Upson Pratt, played by E.G. Marshall embodies everything cruel and unusual about capitalism. He oozes narcissistic sociopathy that makes the audience hate him in less than 30 seconds. He clearly will stomp on anyone without a second thought. This becomes crystal clear as he chides the wife of a former employee. Her husband recently took his own life because of the ruthless pressure that Upson Pratt put on him. He glances over at a dead cockroach as she seethes.
Upson Pratt is a consummate neat freak that hates bugs. Much like he considers his his insignificant employees, bugs are something to crush under foot. To manage his mania, he lives in a surgically clean penthouse of pure white. He disinfects everything and own almost no dirty possessions other than those of his own vanity. He has isolated himself from the bugs of the world and the dregs of society. However, unwittingly, he has also devised a prison for himself. One day, the scum of the earth will revolt and there are too many cockroaches to step on.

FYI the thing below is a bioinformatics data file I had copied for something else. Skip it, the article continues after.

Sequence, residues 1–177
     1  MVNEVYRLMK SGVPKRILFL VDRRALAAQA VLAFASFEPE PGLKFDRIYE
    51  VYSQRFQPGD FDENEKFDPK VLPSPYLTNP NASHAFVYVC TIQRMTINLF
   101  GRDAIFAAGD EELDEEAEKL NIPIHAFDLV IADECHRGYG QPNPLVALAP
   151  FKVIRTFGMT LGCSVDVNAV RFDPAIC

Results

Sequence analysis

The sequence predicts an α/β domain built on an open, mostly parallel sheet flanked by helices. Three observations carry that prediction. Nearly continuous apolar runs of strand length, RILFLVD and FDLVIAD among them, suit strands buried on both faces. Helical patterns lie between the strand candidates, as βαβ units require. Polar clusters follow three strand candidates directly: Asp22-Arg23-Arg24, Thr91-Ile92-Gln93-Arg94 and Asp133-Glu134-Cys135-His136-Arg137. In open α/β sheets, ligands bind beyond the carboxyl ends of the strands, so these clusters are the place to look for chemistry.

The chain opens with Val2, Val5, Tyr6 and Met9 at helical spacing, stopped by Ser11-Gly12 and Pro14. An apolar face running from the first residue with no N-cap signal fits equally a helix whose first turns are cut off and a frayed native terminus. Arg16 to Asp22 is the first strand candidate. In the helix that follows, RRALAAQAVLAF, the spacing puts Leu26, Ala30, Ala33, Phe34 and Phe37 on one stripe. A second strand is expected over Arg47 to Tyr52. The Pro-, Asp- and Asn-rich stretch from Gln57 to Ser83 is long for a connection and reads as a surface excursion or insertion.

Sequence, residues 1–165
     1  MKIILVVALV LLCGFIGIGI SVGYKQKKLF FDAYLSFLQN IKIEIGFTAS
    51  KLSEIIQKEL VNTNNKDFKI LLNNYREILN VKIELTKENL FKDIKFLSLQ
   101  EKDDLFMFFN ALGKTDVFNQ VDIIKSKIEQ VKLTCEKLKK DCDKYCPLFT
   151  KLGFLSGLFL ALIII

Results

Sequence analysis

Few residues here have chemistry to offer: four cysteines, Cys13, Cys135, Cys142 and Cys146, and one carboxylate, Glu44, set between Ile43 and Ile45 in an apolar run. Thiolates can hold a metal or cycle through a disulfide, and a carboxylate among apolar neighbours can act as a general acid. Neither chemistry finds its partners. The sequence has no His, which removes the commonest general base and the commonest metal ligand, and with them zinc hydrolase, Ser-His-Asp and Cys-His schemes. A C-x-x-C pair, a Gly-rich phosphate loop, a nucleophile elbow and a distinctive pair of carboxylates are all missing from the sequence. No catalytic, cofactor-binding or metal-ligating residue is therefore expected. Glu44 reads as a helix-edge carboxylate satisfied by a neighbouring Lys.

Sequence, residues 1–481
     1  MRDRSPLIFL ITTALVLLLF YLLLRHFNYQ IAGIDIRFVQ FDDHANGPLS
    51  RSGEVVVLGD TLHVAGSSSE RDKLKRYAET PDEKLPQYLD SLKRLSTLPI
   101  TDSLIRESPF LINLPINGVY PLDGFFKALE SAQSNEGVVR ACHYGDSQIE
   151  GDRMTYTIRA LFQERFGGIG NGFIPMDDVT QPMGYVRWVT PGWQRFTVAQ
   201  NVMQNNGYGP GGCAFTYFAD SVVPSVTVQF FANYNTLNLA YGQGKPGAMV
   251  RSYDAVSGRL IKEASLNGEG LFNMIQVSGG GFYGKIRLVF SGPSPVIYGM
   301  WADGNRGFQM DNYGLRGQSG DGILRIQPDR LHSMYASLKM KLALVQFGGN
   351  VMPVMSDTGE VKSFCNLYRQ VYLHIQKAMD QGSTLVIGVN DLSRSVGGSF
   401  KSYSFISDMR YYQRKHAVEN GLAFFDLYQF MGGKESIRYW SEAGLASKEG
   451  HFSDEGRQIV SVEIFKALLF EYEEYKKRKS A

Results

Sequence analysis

The Triumph of Creepshow
Anthologies often get a bad rap. They never make everyone happy. All too often, a critic will fixate on the one chapters weakness and use that point and drill the entire work into the proverbial ground. The truth of the matter is that of the many anthologies out there, Creepshow may be the best fully integrated compilations of horror stories ever made. Stephen King and George Romero intentionally keep the stories light so that they can get in and out of them without being encumbered by having to develop a complex plot in 20 minutes.
Still, in their simplicity, Romero and King still manage to weave a moral into the fabric of the stories without being too forthright about the enterprise.
The special effects by Tom Savini are spectacular, even though they they are somewhat reserved. The cinematography and editing are fantastic. George Romeo assembles an awesome cast. Romero serves a worthy five-course meal for both casual and avid horror fans. Utimately, Creepshow deserves its place as one of the best horror movies of 1982.
Creepshow (1982) - An Awesome and Underappreciated Romero Classic - Malevolent Dark
Director: George A. Romero
Date Created: 1970-01-01 00:33